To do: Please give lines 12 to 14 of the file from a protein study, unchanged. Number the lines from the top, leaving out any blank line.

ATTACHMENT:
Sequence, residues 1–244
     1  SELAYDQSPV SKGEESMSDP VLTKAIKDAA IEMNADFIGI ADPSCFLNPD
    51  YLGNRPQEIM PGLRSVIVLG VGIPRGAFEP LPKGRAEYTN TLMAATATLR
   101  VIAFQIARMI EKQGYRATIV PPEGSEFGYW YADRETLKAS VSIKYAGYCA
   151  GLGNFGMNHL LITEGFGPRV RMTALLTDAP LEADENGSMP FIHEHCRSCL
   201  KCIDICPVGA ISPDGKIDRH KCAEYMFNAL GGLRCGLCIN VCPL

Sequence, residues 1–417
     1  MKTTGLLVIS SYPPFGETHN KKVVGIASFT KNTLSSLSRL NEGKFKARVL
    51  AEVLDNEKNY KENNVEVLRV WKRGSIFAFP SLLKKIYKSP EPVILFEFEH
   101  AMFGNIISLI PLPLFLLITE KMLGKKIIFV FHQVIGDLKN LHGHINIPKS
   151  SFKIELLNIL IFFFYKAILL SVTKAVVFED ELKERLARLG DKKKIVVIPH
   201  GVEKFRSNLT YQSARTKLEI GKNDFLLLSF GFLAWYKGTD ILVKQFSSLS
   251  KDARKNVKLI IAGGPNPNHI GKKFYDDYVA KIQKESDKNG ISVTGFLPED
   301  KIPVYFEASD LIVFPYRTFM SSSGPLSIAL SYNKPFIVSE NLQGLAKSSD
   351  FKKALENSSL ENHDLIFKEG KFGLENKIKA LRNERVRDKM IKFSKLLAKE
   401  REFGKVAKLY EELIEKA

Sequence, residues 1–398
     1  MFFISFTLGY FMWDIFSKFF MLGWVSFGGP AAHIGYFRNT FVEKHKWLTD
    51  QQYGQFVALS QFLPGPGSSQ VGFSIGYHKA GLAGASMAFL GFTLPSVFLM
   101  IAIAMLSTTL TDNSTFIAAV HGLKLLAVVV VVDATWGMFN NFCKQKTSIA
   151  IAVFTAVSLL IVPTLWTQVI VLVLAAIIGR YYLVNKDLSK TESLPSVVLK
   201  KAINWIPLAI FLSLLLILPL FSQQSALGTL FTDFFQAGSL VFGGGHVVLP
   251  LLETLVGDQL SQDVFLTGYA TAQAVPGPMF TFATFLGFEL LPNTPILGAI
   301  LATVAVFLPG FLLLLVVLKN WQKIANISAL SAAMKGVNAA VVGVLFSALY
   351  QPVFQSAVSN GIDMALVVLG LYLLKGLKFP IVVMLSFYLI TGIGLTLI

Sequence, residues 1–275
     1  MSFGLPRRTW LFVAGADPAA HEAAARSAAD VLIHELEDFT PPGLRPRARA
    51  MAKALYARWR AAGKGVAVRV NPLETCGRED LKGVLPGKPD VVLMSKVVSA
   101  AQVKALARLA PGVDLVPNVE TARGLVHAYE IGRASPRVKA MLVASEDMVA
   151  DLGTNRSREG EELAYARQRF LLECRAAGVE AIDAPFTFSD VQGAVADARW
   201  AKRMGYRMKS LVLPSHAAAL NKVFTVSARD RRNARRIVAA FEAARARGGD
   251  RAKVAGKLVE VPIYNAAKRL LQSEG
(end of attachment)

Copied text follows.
   201  GVEKFRSNLT YQSARTKLEI GKNDFLLLSF GFLAWYKGTD ILVKQFSSLS
   251  KDARKNVKLI IAGGPNPNHI GKKFYDDYVA KIQKESDKNG ISVTGFLPED
   301  KIPVYFEASD LIVFPYRTFM SSSGPLSIAL SYNKPFIVSE NLQGLAKSSD